19/04/2000 - Paris, Conservatoire de Paris, Rencontres Internationales de l'Alto - Christophe Desjardins (vla)
Taken from From the Leaves of Shadow (1991), a concerto for viola and orchestra in which the solo instrument must face, sometimes in direct opposition, a relatively imposing orchestral mass, ...more leaves... for viola and a mixed ensemble of instruments and live electronics, continues to explore the colors and registers of an instrument that Michael Jarrell loves as much for its sonorities as for its hidden playing possibilities. Here the electronics are not a substitute for the original orchestral parts but, like a sonic shadow, enrich the solo instrument with deep and matte colors.
For Jarrell, the attraction to low instruments is nothing new and, as Pierre Michel has noted, this love of the depths "is perhaps connected to the idea of shadow, often present in the titles of his works: Der Schatten, das Band, das uns an die Erde bindet (1989, "Shadow, this band which ties us to the Earth"), ...d'Ombres lointaines... (1989-90, "...of faraway shadows..."), From the Leaves of Shadow (1991, for viola and orchestra)."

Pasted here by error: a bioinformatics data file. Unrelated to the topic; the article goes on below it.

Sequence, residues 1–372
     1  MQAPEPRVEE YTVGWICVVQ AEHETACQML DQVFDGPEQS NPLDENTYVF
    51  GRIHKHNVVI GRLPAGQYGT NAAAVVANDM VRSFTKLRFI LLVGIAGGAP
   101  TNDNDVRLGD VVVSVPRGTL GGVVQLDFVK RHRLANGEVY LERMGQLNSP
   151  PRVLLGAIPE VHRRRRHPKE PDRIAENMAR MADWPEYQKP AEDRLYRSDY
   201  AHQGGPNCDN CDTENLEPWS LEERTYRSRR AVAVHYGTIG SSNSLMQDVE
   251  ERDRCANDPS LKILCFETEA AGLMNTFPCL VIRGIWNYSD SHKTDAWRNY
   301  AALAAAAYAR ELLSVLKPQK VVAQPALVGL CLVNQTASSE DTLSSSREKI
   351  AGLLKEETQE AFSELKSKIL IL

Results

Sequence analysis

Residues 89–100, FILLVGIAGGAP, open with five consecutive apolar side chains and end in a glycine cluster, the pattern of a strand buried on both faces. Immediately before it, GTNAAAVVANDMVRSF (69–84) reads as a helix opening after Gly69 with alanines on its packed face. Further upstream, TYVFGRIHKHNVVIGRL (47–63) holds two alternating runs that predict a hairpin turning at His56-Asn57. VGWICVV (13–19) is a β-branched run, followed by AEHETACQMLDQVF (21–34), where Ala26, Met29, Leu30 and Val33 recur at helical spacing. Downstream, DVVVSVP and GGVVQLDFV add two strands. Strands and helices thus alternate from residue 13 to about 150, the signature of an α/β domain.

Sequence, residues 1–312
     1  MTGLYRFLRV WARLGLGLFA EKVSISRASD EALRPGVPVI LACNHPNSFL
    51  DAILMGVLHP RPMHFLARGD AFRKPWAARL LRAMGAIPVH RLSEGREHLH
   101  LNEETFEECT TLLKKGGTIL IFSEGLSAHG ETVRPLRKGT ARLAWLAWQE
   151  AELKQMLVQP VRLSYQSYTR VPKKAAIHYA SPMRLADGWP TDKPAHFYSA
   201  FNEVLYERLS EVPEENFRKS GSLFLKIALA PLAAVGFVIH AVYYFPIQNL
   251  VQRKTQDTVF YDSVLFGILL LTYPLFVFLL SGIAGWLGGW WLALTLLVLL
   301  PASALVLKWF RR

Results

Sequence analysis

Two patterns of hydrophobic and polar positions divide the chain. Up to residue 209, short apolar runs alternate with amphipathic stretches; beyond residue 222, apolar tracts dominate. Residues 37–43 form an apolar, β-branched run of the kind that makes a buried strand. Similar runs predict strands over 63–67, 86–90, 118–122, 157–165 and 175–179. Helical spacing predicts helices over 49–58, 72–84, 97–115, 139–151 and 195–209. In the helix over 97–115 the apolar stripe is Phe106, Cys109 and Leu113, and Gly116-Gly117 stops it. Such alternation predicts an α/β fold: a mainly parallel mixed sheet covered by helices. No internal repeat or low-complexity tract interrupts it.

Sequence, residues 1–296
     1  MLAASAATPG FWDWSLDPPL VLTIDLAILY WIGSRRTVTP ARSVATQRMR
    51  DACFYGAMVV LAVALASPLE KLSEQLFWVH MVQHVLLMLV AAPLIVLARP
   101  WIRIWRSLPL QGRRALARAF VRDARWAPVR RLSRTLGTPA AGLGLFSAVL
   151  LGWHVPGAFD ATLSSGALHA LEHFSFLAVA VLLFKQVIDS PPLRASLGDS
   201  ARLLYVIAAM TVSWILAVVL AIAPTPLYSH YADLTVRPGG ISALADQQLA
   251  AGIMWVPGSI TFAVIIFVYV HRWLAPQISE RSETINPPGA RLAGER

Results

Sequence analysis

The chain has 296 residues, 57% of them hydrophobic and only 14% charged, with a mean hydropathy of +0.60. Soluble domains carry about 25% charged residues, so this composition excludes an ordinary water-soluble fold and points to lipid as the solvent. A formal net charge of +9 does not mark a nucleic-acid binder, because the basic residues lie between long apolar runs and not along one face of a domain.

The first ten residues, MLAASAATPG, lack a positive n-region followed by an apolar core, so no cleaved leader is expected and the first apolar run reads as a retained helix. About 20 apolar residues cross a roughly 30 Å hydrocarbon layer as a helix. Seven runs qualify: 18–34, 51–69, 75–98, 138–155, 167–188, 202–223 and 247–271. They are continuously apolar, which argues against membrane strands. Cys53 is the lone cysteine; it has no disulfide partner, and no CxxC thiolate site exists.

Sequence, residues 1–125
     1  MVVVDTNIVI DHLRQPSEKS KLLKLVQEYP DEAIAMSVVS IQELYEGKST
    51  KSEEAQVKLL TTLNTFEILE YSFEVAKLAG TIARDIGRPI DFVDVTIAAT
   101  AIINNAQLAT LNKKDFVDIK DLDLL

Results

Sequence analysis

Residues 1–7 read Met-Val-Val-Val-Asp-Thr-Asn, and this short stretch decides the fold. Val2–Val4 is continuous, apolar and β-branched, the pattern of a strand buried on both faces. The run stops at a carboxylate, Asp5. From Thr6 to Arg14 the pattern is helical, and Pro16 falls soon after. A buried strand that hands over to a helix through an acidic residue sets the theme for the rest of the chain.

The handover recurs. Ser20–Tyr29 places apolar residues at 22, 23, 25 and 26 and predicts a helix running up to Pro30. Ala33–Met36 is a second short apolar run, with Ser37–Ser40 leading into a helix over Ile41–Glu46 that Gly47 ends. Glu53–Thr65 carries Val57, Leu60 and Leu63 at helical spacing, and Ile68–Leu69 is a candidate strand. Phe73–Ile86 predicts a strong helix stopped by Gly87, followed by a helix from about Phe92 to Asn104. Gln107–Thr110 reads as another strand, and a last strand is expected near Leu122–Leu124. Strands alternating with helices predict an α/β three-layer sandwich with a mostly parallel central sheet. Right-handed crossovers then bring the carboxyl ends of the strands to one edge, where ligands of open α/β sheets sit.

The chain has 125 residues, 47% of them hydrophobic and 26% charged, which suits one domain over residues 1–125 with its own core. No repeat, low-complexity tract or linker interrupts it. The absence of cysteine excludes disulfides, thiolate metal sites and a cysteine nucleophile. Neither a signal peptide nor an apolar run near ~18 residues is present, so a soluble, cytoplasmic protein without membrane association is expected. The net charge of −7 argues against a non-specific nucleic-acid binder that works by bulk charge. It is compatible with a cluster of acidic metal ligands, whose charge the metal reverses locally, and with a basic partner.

ln this regard, Michael Jarrell has already evoked the importance of Franz Schubert's Song of the Spirits on the Water for men's choir and orchestra without violins: "through it I discovered an extremely somber world and some extraordinary deep registers with a great number of resulting harmonies, offering a listening experience enriched by the friction between sonorities and absolutely fascinating timbres. As in ...some leaves II... (1998), a work for solo viola derived from the same concerto, ...more leaves... is sometimes an exact copy of the original concerto, with its opposition of extremely high (brilliant) and extremely low (more or less matte) registers. However, it distinguishes itself through a nostalgic distance, characterized by a new and much more intimate language."